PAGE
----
Employers and employees alike benefit when injured employees quickly return to work following a work-related injury. Often, this requires employers to modify current work assignments or to create alternate assignments that accommodate an employee’s medical restrictions while the employee heals. The alternative assignments—or “light-duty” work—can take many forms. For example, clerical duties, secretarial responsibilities, and other alternative positions can be implemented into the company’s return-to-work policy. Unfortunately, however, not all employers can accommodate injured employees. In such situations, an injured employee may sit idly at home while the employer pays his or her workers’ compensation benefits. A number of industries are prevented from enjoying the myriad benefits associated with Early-Return-to-Work (ERTW) programs. To help these industries realize those benefits, an innovative, new disability management tool has gained interest throughout the country—a Modified Duty Off-Site (MDOS) program. Through MDOS programs, an employer can direct injured employees to a local charity or nonprofit organization for light-duty work while the employees recover. Although a handful of businesses in Nebraska have implemented the program, Nebraska law is silent as to whether its Workers’ Compensation Act permits MDOS programs. Neither Nebraska’s revised statutes nor the Nebraska courts confirm the permissibility of MDOS programs. Moreover, the compensation court’s historically liberal protection of employees could result in the court finding MDOS programs are more harmful to the interests of employees than beneficial. Consequently, this Comment has a dual purpose. First, it advocates for legislative action. The Nebraska legislature must amend its workers’ compensation statutes so that employers can confidently implement MDOS programs as part of their broader return-to-work policies. Second, even if such legislative action is not taken, the Comment demonstrates how Nebraska law still permits MDOS programs. Part II discusses ERTW programs, the supporting law for such programs, and the status of the law regarding MDOS programs nationally. Part III analyzes the status of the law in Nebraska concerning MDOS programs and—due to the absence of any clear direction—advocates for legislative action. Part IV argues that Nebraska courts should nonetheless support MDOS programs even if legislative action is not taken because Nebraska law inferentially supports the practice.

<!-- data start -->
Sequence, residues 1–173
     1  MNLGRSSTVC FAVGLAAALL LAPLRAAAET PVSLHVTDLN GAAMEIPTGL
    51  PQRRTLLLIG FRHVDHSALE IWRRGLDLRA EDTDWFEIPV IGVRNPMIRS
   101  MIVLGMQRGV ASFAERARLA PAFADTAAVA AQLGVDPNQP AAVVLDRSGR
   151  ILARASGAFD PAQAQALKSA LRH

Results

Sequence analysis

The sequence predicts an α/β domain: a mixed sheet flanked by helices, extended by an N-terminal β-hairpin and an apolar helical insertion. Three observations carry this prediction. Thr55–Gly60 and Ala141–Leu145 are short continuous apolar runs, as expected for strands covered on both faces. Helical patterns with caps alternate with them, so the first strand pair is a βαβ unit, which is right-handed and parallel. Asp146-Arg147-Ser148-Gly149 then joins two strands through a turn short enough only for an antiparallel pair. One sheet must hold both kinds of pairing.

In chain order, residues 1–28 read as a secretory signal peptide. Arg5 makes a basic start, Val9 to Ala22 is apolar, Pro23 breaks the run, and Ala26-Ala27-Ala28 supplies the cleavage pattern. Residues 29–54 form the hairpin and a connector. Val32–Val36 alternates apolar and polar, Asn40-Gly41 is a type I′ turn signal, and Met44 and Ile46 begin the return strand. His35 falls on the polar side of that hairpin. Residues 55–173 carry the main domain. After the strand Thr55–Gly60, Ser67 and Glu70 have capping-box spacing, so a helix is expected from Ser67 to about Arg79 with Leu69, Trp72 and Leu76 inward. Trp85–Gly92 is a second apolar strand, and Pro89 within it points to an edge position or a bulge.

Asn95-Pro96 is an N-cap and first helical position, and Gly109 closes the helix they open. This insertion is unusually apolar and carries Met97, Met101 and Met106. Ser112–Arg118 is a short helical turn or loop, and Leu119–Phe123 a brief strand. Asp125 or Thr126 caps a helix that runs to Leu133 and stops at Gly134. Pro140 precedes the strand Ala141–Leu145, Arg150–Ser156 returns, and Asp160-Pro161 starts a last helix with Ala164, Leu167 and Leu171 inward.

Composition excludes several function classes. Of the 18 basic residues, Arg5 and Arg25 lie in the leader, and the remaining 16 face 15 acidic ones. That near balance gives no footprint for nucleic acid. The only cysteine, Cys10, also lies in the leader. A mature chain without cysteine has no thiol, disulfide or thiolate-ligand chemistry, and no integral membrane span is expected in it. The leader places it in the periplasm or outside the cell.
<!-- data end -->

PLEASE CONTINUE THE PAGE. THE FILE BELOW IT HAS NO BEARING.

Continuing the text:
Thinking Outside the Disability Management Box: The Case for Modified Duty Off-Site in Nebraska,
90 Neb. L. Rev.
Available at: http://digitalcommons.unl.edu/nlr/vol90/iss3/7